Cecil County Public Schools and Cecil County Sheriff’s Office have partnered with BusPatrol to launch a new school bus safety program.
Starting Monday, January 3, all 180 school buses in the district will be equipped with safety technology to safeguard students both inside and outside of the bus. The program includes cloud-connected stop-arm cameras to detect drivers that illegally pass stopped school buses while the stop-arm is extended. Cecil County Sheriff’s Office will review the evidence before a citation is issued.
In 2019, a national school bus driver survey found that more than 6,000 motorists broke the school bus stopping law in one day in Maryland. This equates to more than 1 million dangerous stop-arm violations a year across the state.
“This initiative with BusPatrol is yet another great opportunity for us to partner with the Cecil County Sheriff’s Office. This additional tool will greatly enhance law enforcement’s ability to enforce critical traffic laws that are in place to protect our students,” said Dr. Jeffrey Lawson, Superintendent of Schools, in a statement about the initiative.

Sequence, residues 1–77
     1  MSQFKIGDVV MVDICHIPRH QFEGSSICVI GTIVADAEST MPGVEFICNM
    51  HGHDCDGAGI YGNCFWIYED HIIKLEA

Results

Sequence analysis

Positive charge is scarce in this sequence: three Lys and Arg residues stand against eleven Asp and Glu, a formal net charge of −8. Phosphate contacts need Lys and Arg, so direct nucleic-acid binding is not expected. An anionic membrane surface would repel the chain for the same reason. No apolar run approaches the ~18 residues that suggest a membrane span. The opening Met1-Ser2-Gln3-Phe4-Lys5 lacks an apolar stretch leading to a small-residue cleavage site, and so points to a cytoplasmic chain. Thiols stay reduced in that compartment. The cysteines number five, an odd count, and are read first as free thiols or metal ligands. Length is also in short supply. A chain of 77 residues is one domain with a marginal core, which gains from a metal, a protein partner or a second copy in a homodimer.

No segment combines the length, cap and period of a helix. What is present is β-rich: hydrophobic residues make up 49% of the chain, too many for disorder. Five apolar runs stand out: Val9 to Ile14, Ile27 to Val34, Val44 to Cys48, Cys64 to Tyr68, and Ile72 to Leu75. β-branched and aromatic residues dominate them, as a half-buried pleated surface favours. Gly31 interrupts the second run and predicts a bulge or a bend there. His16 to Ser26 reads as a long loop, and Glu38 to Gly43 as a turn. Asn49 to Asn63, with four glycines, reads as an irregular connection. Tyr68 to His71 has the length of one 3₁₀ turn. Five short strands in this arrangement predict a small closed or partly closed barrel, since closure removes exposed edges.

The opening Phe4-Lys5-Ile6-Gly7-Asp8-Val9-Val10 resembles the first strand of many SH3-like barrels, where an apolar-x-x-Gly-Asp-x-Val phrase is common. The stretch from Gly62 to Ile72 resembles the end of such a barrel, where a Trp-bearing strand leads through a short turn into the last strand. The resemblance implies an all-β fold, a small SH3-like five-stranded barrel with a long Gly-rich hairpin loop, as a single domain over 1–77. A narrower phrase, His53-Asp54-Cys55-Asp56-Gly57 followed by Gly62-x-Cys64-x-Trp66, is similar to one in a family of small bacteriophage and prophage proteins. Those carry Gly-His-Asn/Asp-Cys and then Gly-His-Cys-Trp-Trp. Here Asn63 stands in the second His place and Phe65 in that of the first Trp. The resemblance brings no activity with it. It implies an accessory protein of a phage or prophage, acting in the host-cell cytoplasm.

Sheriff Scott Adams of Cecil County Sheriff’s Office also praised the initiative, saying: “I am very excited to partner with Cecil County Public Schools and BusPatrol on this initiative. I can’t think of anything more important than the safety of our children. This program cannot help but deter the dangerous situation of a vehicle passing a school bus while it is on-boarding or off-boarding children.”
Speaking about the partnership, Jean Souliere, CEO & Founder at BusPatrol, said: “Our school bus safety program has one clear goal – to ensure that our kids travel to school as safely as possible. This new partnership will see every single bus in Cecil County Public Schools equipped with advanced safety technology to promote a safer driving culture around school buses by changing motorist behavior.”
Cecil County Sheriff’s Office requires all motorists to follow Maryland State school bus stopping law. According to the Maryland Transportation Article state code, vehicles approaching in either direction must stop at least 20 feet away from a stopped school bus with its red lights flashing. Motorists may not proceed until the school vehicle resumes motion or the flashing red lights are deactivated. This does not apply to vehicles approaching on a different roadway of a divided highway. Vehicles that illegally pass a stopped school bus should expect to receive a $250 citation in the mail.
In addition to stop-arm cameras, school buses will also be outfitted with:
- GPS and fleet management technology for school officials to track school buses at any given time
- A silent alarm system to allow student transportation officials to respond immediately in an emergency
- A bundle of eight cloud-managed 360° cameras for a full view of activity in and around the bus
The technology, installation, and maintenance are provided at no cost to the school district or taxpayers. The program is entirely funded by violators over a 5-year term.